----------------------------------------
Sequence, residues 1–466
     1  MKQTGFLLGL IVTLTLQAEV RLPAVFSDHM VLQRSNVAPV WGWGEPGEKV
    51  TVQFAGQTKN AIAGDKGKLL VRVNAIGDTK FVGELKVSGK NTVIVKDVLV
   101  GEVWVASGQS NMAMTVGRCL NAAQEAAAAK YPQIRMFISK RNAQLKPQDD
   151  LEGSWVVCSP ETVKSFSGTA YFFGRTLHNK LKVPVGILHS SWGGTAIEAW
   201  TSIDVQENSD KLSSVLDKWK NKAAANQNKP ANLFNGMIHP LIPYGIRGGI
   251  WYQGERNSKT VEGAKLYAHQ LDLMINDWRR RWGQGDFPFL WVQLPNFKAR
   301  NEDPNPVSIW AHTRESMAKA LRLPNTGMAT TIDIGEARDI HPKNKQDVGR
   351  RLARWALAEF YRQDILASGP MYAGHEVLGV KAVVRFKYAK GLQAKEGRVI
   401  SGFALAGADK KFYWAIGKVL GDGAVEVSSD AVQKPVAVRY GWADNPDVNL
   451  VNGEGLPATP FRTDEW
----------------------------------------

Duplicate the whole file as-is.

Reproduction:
Sequence, residues 1–466
     1  MKQTGFLLGL IVTLTLQAEV RLPAVFSDHM VLQRSNVAPV WGWGEPGEKV
    51  TVQFAGQTKN AIAGDKGKLL VRVNAIGDTK FVGELKVSGK NTVIVKDVLV
   101  GEVWVASGQS NMAMTVGRCL NAAQEAAAAK YPQIRMFISK RNAQLKPQDD
   151  LEGSWVVCSP ETVKSFSGTA YFFGRTLHNK LKVPVGILHS SWGGTAIEAW
   201  TSIDVQENSD KLSSVLDKWK NKAAANQNKP ANLFNGMIHP LIPYGIRGGI
   251  WYQGERNSKT VEGAKLYAHQ LDLMINDWRR RWGQGDFPFL WVQLPNFKAR
   301  NEDPNPVSIW AHTRESMAKA LRLPNTGMAT TIDIGEARDI HPKNKQDVGR
   351  RLARWALAEF YRQDILASGP MYAGHEVLGV KAVVRFKYAK GLQAKEGRVI
   401  SGFALAGADK KFYWAIGKVL GDGAVEVSSD AVQKPVAVRY GWADNPDVNL
   451  VNGEGLPATP FRTDEW